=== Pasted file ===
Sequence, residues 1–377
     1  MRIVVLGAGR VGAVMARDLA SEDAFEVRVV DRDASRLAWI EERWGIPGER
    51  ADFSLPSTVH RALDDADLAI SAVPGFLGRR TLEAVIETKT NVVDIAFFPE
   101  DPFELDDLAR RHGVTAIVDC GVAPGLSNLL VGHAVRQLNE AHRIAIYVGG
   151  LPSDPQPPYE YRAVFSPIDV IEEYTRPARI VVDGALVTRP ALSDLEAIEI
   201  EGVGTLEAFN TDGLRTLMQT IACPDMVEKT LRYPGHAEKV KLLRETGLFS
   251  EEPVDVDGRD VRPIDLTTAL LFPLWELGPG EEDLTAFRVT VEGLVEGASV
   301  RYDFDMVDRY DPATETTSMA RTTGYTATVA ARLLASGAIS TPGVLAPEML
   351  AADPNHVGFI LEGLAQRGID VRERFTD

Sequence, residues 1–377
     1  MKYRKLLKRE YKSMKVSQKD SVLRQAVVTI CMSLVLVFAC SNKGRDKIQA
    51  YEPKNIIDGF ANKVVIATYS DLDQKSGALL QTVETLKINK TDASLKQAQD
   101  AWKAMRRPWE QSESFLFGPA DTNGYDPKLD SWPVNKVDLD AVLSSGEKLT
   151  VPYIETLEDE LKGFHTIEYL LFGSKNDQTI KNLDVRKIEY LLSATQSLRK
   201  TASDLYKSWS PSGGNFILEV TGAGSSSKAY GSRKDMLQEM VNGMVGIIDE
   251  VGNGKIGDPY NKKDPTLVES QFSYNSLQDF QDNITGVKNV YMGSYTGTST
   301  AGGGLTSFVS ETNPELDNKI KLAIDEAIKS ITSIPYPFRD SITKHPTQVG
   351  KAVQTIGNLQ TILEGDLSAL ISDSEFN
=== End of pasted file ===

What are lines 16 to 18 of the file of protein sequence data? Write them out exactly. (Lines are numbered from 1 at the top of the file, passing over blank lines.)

   251  VGNGKIGDPY NKKDPTLVES QFSYNSLQDF QDNITGVKNV YMGSYTGTST
   301  AGGGLTSFVS ETNPELDNKI KLAIDEAIKS ITSIPYPFRD SITKHPTQVG
   351  KAVQTIGNLQ TILEGDLSAL ISDSEFN